This story is a case in point that describes the never ending issue of things not
turning out quite as you had originally planned. It all began this morning as I was
listening to some music, a Shania Twain song from her last album "Don't
be stupid." I loved the video, a bunch of Irish step dancers dancing with
about an inch of water on the floor. It was fun and foolish, just the light hearted
concept that went with the song and so typical of Shania Twain / Mutt Lang
products. Crafted to catch and entertain. Good stuff. But as I listened to it this
morning the main element of the song was the fun music that jumped along with the
So I decided I would just clip out the vocals and see how it sounded just as an instrumental
piece. Using QuickTime and the simple Felt
Tip Sound Studio 2.0 I worked my way through the piece
removing the segments with the vocals. The result is the music you hear as this page
My idea was that this morning was cold and some bright cheery music might have as
much of a positive affect on visitors to this page as it did on me listening to the
music as I worked on the various stories this morning.
Then I decided I needed a picture of a fiddle or fiddler to go with the story and
that is where this project went off the rails. (Allison Cornell who performed
with two other fiddlers on the tour did not do the original recording, seen above
at the top of the page) One thing lead to another, why not have the actual fiddler
who played the music? This lead me to looking into the background and I was stunned
at what I found.
Though I have been involved in music one way or another all of my life I pretty well
take popular culture for granted and though I am aware of the tremendous influence
movements like the 60s, Elvis and the Beetles had on all forms of culture
and thought I just didn't realise that we are in the midst of what has to be something
of a remarkable change in the way people at all levels are being affected by a growing
awareness of a whole range of changes in modern culture. Things that affect the fundamental
way we and our children live.
Often people with a social science background like myself take a ripple in society
and turn it into a cataclysmic event but I suspect that I for one, have been turning
a blind eye to this phenomena and almost missed the signs of what is a powerful society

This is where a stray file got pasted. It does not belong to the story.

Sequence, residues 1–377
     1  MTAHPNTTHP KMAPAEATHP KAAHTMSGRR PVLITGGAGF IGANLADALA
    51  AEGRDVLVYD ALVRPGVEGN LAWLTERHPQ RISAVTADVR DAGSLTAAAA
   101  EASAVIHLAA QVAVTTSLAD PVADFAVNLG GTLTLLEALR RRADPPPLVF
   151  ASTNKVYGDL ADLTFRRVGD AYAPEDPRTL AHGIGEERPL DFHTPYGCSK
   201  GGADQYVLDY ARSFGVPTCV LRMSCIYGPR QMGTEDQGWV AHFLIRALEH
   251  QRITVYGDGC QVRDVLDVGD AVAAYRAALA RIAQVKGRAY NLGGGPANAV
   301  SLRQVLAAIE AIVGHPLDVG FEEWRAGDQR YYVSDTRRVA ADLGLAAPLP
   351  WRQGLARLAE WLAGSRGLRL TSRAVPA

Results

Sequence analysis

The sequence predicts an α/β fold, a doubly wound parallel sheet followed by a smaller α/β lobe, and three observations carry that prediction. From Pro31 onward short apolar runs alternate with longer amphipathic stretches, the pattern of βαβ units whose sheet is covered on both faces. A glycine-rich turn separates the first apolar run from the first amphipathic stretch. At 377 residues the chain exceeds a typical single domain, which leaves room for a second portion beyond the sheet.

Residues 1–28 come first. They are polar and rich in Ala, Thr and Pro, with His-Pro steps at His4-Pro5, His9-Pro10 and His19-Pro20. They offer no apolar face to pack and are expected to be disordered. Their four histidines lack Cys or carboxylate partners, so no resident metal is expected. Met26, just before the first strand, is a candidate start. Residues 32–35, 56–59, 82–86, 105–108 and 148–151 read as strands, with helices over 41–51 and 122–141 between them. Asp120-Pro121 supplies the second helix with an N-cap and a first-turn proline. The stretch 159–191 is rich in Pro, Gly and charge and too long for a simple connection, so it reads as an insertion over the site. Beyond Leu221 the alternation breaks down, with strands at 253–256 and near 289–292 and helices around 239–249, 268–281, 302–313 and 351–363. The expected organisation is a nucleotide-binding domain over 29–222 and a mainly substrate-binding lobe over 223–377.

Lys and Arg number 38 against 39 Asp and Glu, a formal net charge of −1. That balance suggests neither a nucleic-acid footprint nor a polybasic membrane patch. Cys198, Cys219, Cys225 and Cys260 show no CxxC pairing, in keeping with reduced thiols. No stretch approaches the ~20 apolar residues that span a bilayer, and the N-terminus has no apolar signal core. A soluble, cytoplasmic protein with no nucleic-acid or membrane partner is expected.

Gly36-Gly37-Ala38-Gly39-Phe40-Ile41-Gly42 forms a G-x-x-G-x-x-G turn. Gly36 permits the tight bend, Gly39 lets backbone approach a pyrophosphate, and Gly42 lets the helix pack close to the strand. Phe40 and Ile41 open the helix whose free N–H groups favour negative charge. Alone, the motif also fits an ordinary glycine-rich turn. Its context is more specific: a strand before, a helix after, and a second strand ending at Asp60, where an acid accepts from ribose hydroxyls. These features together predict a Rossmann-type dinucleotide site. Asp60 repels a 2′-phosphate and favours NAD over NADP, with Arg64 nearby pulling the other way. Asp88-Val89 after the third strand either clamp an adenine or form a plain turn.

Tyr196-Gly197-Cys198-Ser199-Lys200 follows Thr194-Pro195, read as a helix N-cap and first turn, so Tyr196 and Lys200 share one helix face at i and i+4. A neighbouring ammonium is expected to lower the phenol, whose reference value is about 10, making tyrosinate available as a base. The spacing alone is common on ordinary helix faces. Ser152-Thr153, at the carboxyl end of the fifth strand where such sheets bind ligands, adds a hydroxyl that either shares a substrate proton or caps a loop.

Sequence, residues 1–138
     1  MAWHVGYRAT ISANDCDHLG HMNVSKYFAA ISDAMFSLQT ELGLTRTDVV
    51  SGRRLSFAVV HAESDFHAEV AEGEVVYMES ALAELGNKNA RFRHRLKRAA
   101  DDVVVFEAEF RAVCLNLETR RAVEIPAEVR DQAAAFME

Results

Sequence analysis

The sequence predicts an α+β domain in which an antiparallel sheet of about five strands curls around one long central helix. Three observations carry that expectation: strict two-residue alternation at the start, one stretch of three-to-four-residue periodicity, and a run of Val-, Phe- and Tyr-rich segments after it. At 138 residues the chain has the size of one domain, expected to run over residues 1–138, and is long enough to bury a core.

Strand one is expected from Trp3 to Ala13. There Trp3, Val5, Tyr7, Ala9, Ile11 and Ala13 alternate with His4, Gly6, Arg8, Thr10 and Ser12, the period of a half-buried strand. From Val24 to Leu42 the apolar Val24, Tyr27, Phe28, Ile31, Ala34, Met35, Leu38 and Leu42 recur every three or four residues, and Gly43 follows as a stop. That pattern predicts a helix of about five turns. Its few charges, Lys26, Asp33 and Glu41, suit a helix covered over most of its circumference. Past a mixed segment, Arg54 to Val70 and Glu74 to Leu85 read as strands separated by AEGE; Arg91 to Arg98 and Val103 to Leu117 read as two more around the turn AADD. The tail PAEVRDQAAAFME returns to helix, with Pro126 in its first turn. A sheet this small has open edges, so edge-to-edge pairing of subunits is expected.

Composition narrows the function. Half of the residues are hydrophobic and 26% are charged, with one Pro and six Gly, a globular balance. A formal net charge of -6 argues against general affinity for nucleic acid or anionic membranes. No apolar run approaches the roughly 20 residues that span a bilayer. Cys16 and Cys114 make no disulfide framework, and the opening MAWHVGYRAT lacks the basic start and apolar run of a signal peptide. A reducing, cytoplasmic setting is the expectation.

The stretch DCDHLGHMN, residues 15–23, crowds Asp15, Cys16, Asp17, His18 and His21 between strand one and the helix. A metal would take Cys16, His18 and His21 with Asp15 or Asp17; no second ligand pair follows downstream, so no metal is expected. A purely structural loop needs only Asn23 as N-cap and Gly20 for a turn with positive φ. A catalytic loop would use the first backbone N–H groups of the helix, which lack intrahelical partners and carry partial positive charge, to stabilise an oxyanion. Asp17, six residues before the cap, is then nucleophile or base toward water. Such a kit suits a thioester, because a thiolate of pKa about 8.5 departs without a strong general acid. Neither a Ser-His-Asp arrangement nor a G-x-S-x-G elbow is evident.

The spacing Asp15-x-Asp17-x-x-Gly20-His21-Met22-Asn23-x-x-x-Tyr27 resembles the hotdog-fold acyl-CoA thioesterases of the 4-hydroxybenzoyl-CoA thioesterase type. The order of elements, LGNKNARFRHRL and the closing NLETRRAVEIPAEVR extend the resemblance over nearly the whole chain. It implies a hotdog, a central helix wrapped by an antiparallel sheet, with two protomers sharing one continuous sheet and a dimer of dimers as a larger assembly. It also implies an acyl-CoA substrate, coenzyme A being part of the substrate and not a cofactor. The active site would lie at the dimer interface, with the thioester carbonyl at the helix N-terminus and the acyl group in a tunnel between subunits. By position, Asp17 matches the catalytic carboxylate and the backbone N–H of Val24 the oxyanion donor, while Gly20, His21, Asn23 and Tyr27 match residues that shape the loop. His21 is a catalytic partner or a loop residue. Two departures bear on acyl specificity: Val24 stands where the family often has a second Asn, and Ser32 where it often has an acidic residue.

change. In February of 2000 I mentioned this issue in a commentary about a dress worn by what
now is the number one performer in America, Jennifer Lopez. But a trend like
this one does not have a simple start and end point it builds gradually and begins
to change society with it. In September 1998 in my editorial on the Starr Report I discussed the changes that
both that report and other relevant issues of the time were having on our perceptions
and I am certain others will have pointed out these changes to have been strong undercurrent
long before this.
When it comes to the tunes we listen to and the messages that are part of those songs
we have been in a bit of a sad era, well it seemed like that anyway. The almost repulsive
message of "Rap" and "hip-hop" and the close to vulgarity of
what some call "reproductive rock" the Brittany Spears, Shakira,
Janet Jackson stuff that has dominated the pop charts is perhaps just the
outside of a much bigger picture. In the early 90s I was fascinated by the upfront
message of empowerment carried by the British Spice Girls and it looks like
their message is now mainstream. The other factor we need to consider is that music
has been chronically fractured into genre and radio station formats to the point
that we see extreme isolation from one kind of culture to another.
Country music has been marching right up front and has gained the market share in
North America because it has been addressing the majority. This is what makes Eilleen
(Shania) Twain really important. Next Tuesday Mercury records of Nashville
is releasing her third album (the Canadian music company for Shania Twain is Universal
Music) and that evening she will appear live on the David Letterman show.
But this is where this whole story gets really interesting. The album "Up"
has been created in three versions. The country version with the songs sounding "country"
and a "pop" version where the songs have been slicked into the tight pop
format, I am not sure what that third version is but when you think about this you
realise this is something important.
Just so you realise what we are talking about here Eilleen Twain grew up in
Timmins Ontario. Her mother was a single parent who married Jerry Twain a
status Ojibwa who adopted her daughter Eilleen and they went on to have three
other children. They were very poor but the little girl's mother recognised her daughter's
musical and singing talent and from eight years on she was performing. At twenty-one
her parents were killed in a car accident and she assumed responsibility for her
family by singing at a resort. When the last sibling graduated from high school she